One of the original goals of the Tin Can Tourists was to help educate our members on the importance of be a responsible camper. In the early years of camping, it wasn’t uncommon for campers to just leave trash where they camped and move on. There wasn’t infrastructure in place to deposit the trash during long trips and people weren’t as environmentally conscience. Camping was a new thing and the club made it a priority to educate our members to ensure communities would want us back! The TCT adopted the policy of leaving a campground better than they found it. Not just leave no trace but make it better if you can!
A century later, that tradition continues! We still encourage our members to make their campground better than they found it and we continue to improve our rallies to have a smaller impact on the environment. We’ve moved to compostable products that are eco-friendly and encourage our members to bring cups, plates & silverware to meals.
At Tin Can Tourists, we contribute 1% of our revenue to carbon removal
Removing CO₂ from the atmosphere is critical to counteract climate change, but it’s behind. A fraction of every purchase from Tin Can Tourists helps new carbon removal technologies scale.
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Take nothing but pictures. Leave nothing but footprints!
“Take nothing but pictures. Leave nothing but footprints.” This popular motto of leave-no-trace camping speaks to its overall goal: have as little impact on your outdoor location as possible.
What started as an eco-friendly trend in outdoors adventuring has become increasingly popular and important. And with growing numbers of visitors to wilderness areas, it’s more important than ever to protect and preserve these sacred spaces.
The Seven Leave No Trace Principles
The leave no trace principles were laid out by the Leave No Trace Center for Outdoor Ethics. As an overarching set of rules in this increasingly important eco-friendly movement, they are important to know.
Plan Ahead and Prepare: This includes familiarizing yourself with the area you plan to visit. Learn the rules for hiking and camping in that area and plan accordingly. It’s also recommended that you travel in small groups, and avoid going at times when there’s already a high volume of use.
Travel and Camp on Durable Surfaces: “Durable surfaces” are established trails and campsites. Try not to create new paths and campsites, which further disrupt the purity of the area.
Dispose of Waste Properly: The best way to remember this is: “pack it in, pack it out.” Don’t leave anything at the site that wasn’t there before. Remember that human waste should be buried 200 feet away from any body of water, and placed 6 to 8 inches in the ground.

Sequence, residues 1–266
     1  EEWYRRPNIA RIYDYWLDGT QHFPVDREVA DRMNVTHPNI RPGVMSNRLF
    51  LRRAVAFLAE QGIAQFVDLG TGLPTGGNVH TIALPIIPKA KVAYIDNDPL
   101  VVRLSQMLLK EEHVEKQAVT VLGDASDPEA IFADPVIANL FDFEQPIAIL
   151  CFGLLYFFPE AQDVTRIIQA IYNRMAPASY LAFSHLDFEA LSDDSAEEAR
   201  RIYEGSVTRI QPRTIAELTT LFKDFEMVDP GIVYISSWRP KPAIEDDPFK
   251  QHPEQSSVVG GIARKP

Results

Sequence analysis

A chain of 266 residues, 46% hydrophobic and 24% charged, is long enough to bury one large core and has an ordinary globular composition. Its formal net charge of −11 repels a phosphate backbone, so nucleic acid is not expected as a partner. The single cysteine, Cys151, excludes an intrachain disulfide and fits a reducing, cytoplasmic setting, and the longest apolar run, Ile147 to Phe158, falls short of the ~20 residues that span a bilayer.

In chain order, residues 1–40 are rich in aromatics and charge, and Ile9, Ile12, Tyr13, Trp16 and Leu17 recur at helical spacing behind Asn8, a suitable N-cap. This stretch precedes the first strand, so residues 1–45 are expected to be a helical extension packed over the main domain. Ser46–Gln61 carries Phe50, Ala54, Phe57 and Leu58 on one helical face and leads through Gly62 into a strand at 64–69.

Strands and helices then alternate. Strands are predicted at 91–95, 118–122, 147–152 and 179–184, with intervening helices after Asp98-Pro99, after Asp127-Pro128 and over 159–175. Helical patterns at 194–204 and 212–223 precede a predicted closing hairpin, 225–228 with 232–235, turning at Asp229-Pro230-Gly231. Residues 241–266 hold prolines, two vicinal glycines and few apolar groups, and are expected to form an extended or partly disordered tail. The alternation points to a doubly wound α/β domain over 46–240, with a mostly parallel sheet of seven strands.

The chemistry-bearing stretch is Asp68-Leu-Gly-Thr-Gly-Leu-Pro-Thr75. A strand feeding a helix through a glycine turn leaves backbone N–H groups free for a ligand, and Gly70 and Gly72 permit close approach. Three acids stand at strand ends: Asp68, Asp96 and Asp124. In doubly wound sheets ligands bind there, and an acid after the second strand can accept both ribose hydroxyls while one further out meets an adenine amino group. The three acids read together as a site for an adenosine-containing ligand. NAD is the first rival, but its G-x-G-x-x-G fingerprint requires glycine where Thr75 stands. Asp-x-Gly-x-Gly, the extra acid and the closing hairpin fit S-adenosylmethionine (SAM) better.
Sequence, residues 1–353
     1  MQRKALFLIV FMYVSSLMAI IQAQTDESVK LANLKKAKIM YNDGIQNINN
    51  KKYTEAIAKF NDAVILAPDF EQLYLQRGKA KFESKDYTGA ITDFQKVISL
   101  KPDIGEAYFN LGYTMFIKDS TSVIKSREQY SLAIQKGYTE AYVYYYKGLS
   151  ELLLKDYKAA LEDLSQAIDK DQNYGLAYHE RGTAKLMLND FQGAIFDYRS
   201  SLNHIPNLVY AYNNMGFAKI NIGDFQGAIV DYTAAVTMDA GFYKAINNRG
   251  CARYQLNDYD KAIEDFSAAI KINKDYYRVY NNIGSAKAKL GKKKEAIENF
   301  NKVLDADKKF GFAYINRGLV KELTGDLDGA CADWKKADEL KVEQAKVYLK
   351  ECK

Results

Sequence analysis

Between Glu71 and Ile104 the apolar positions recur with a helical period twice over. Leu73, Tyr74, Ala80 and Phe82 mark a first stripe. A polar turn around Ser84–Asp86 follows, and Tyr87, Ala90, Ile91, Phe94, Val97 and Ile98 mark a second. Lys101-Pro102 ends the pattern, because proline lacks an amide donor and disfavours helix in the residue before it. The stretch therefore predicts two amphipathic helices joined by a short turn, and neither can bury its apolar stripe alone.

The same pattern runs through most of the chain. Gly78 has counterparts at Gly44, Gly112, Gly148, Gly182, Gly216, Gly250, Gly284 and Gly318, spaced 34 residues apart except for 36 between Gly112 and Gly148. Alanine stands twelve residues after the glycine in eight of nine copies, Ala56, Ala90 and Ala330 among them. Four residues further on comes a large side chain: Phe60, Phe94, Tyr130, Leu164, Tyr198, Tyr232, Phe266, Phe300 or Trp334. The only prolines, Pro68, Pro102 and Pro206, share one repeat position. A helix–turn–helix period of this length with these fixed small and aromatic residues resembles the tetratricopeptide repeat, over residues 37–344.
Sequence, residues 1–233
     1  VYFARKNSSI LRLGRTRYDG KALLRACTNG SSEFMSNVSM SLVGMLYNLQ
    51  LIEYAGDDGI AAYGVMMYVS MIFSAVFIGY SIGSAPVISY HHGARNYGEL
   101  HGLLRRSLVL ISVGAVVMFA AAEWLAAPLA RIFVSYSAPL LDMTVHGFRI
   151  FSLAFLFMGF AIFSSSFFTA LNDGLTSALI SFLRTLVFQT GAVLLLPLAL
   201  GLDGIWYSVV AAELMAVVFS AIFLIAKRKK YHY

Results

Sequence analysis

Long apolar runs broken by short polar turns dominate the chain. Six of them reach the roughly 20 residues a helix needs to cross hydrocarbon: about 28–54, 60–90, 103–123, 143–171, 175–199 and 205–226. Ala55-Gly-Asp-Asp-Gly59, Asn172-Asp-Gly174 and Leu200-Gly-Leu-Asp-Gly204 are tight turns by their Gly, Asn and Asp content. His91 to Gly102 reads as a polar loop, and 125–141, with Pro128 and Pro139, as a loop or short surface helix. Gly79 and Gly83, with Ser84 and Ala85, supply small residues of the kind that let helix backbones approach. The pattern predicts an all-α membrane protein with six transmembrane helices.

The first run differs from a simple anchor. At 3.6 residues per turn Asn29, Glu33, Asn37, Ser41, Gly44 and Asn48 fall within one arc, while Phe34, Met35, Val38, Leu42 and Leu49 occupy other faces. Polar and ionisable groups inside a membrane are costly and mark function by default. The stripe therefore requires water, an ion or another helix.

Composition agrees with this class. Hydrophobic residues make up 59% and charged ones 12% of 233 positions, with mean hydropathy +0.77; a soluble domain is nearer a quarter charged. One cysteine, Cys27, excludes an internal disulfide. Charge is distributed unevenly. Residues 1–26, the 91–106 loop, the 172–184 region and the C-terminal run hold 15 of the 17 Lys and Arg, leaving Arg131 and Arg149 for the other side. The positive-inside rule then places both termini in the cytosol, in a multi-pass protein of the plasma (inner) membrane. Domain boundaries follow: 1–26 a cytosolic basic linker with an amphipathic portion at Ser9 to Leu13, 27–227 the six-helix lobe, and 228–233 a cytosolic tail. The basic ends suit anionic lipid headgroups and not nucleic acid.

Leave What You Find: Don’t take anything natural, including rocks and plants, from the campsite. The key is to avoid introducing or transporting non-native species to or from the site.
Minimize Campfire Impacts: Use established fire rings and a small, lightweight camping stove. It’s important to burn your fire down to ash, and then put out the fire completely; scatter cool ashes when possible.
Respect Wildlife: This is not only good practice for the environment, but your safety as well. Don’t approach or follow a wild animal and never feed them.
Be Considerate of Other Visitors: Respect campers around you, and yield to them on the trail. Keep loud noises to a minimum so that others can enjoy the serenity of their natural surroundings.
Leave No Trace When You Camp
While the leave no trace principles are an important set of eco-friendly camping ethics, consider which ones apply to you more given the area you plan to visit.
Primitive and Backcountry Camping:
- Make your campsite as small as possible.
- Walk single file on new or unused trails.
- Know the wildlife you might encounter, avoid contact with animals, and do not disturb native plants.
- Know where and how to bury human waste.
- Leave everything as you left it whenever possible.
- Do not disturb campers in sites close to you.
- When hiking, yield to other trekkers and large groups.
- Use the assigned fire pit.
- Bring your own wood or buy it at the campground.
- Clean your site before you leave.
- Put out your fire completely.
- Try to trek where trails have already been blazed.
- Travel in a smaller group.
- Know where to dispose of your waste.
- Pack only what you can take in and out with you.
- Keep your fires minimal to avoid any damage to the area.
The most important element of eco-friendly camping is having respect for the places you love to visit. It’s a reciprocal relationship and the rewards are endless.